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How much thought have you given your tea sales? Whether you stock a few traditional favourites, or your shelves are brimming with loose leaf varieties, understanding what’s motivating customers to make their tea purchases is essential if you want to boost sales.
“Tea consumers may be more discerning or willing to experiment than coffee consumers,” states recent industry research from consumer intelligence group NIQ. So why not try something new?
Do you know your black tea from your oolong? Are you thinking about getting into the herbal tea game? Would a tea tasting be right for your shop? Let’s dive in.
While there are countless different blends and brands, there are only six categories of tea, Candice Mason of Mother Cuppa Tea tells Speciality Food. “The most common is black tea. We then have green tea, white tea, yellow tea, oolong tea and puerh or dark tea. Herbal tea is a mix of blended herbal ingredients.” Herbal teas include ayurvedic varieties that use adaptogens, which are herbs and roots that naturally reduce stress levels, like ashwagandha or ginseng, as well as infusions from berries, flower, bark, leaves and more.
The type from Candice’s list that retailers are least likely to be familiar with is puerh, a fermented tea. It “will fetch the highest prices in the world depending on the length of fermentation and region,” Candice says. “I have seen it sold in auction for tens of thousands!”
Generally, however, tea has mass appeal. Next to water, it’s the most popular beverage, with 3.5 billion cups consumed a day, according to Sarah Taylor of Taylor & Moor. Many parallels can be drawn to wine.
“Similar to wine and grapes that produce the wine, there are signature flavour profiles that define certain teas,” Sarah says. Candice adds that teas tend to be named after the region in which they are grown. “For example, Darjeeling tea is grown in India, whereas Assam tea is grown in China. The terroir will determine much of its flavour,” she says.
Did you know each category of tea has a specific brewing temperature and timeframe? “I’ve regularly witnessed an afternoon tea ruined by over-stewing for too long in water that is too hot,” Candice says. “Filtered water will also make a huge difference to the flavour of the tea.”
Sarah stresses that a good cup of tea stems from a good product. “Even a novice tea drinker will appreciate an establishment going the extra mile to feature unique tea selections. Good tea usually has a good story about its origin. Good tea service means an experience will be remembered. People rarely forget good stories or good service,” she says.
“Tea is big business, and even more so since the pandemic,” Candice says. “The trend towards herbal wellness teas has grown significantly.” Through her business, which blends a range of teas focused on women’s hormone health, she’s seen a rising interest in medicinal plants to support wellness.
“Huge opportunities exist to create a buzz about serving tea as a healthy beverage option,” Sarah adds.
With health in the spotlight, tea sales grew 8.8% over the last year, according to NIQ’s data, in large part thanks to the popularity of herbal teas. Consumers are also looking to tea for functional health benefits, the group’s research showed, with some of the most popular functional teas being turmeric tea and green tea.
Retailers should be familiar with loose leaf tea, and while it remains a growing trend, especially as an affordable luxury, other formats are becoming available too. “Cold brews are becoming increasingly popular,” Candice says. “You can get really creative with tea. Think about the audience you have and what they might be looking for. If you’re a venue with a sober-curious audience, try cold brews and kombucha. If you’re a traditional afternoon setting, consider the quality of the Earl Grey and Darjeeling teas you offer and focus on the brewing experience.”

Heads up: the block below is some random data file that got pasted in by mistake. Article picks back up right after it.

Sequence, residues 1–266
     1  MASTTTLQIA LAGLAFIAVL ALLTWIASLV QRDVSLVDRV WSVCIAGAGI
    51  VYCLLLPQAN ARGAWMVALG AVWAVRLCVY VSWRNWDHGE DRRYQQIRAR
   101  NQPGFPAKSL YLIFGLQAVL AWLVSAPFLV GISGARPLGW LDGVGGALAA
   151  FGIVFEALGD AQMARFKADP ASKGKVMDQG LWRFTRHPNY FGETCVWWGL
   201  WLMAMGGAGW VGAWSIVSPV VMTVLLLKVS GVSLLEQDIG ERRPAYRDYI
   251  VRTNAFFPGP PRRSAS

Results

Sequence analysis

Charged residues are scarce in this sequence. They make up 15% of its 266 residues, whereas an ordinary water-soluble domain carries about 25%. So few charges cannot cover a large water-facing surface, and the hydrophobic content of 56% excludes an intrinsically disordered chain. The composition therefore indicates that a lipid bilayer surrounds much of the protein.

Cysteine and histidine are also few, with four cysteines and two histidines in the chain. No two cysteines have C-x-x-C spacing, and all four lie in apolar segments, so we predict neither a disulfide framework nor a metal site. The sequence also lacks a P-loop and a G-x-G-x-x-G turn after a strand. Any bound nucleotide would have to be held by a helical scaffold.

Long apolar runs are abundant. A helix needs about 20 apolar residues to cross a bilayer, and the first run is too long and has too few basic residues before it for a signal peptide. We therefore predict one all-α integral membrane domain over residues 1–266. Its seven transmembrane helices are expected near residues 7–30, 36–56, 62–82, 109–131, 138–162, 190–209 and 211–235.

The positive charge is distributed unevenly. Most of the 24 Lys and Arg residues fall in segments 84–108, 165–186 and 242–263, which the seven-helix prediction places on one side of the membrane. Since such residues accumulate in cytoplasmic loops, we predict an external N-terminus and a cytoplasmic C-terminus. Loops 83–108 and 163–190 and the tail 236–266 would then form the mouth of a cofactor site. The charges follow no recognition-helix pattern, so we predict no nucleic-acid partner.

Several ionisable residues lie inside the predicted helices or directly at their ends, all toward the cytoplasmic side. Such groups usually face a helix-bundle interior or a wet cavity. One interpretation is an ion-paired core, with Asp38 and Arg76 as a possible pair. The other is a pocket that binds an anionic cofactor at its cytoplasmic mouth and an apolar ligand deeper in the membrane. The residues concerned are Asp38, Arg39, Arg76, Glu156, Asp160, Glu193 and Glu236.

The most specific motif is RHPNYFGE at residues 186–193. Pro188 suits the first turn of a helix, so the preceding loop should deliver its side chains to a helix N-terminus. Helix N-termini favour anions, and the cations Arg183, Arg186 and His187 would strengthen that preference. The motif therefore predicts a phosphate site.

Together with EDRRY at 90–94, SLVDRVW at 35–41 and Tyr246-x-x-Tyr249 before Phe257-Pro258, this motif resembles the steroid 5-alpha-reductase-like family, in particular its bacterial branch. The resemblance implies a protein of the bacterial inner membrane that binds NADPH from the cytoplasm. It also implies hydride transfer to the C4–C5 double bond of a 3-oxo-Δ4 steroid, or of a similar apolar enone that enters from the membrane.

A whopping 92% of consumers say sustainability is important when choosing a brand today, according to NIQ, and the tea industry faces a several sustainability challenges, so it’s important to look into the ethics of the brands you stock.
One is the biggest issues is the use of plastics in tea bags. “One tea bag can contain up to 11.6 billion microplastics and 3.1 billion nano plastics! 96% of British tea is consumed in tea bags, and 36 billion cups of tea are drunk per year in the UK,” Candice highlights. Add these numbers up and you can see why brands are beginning to make a change towards compostable options.
As well as individual brands, the wider tea supply chain has historically faced numerous ethical question marks. “The industry doesn’t have a fantastic reputation for caring for their workers, however many sign up to schemes that support them with this, but it is something to be mindful of,” Candice says. “When purchasing your tea, check where they source their tea from, their ethical considerations and their sustainability. A good tea supplier will openly talk about this on their website.”
Whether you’re looking to introduce a new range of teas or simply want to engage more with your customers, why not hold a tea tasting with a qualified tea sommelier, or tea master, to help you? “We all love talking about tea and sharing our knowledge,” Candice says.
As well as an opportunity to boost your customers’ knowledge, you can also consider it an upskilling opportunity for staff. If you want to position your shop as the go-to spot for quality tea, you can take this even further. “The UK Tea Academy in London also hosts a wealth of training sessions which are really special, and you’ll gain a lot through this. If you want to start with the basics, get some good qualify tea and play with the brewing process, tasting the difference between a green tea brewed for three minutes with boiling water and compare it to the same tea brewed at 80 degrees for 1.5 minutes, for example,” Candice says.